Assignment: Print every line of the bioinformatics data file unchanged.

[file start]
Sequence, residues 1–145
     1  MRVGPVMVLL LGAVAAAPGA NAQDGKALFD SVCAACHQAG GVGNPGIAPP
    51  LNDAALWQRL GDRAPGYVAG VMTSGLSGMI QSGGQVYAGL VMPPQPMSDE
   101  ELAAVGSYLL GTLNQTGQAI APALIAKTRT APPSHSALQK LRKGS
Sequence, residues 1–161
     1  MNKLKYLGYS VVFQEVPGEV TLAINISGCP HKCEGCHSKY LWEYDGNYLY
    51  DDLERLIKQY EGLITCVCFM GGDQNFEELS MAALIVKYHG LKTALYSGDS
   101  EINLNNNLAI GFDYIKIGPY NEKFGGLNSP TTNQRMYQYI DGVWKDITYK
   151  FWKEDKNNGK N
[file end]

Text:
Sequence, residues 1–145
     1  MRVGPVMVLL LGAVAAAPGA NAQDGKALFD SVCAACHQAG GVGNPGIAPP
    51  LNDAALWQRL GDRAPGYVAG VMTSGLSGMI QSGGQVYAGL VMPPQPMSDE
   101  ELAAVGSYLL GTLNQTGQAI APALIAKTRT APPSHSALQK LRKGS
Sequence, residues 1–161
     1  MNKLKYLGYS VVFQEVPGEV TLAINISGCP HKCEGCHSKY LWEYDGNYLY
    51  DDLERLIKQY EGLITCVCFM GGDQNFEELS MAALIVKYHG LKTALYSGDS
   101  EINLNNNLAI GFDYIKIGPY NEKFGGLNSP TTNQRMYQYI DGVWKDITYK
   151  FWKEDKNNGK N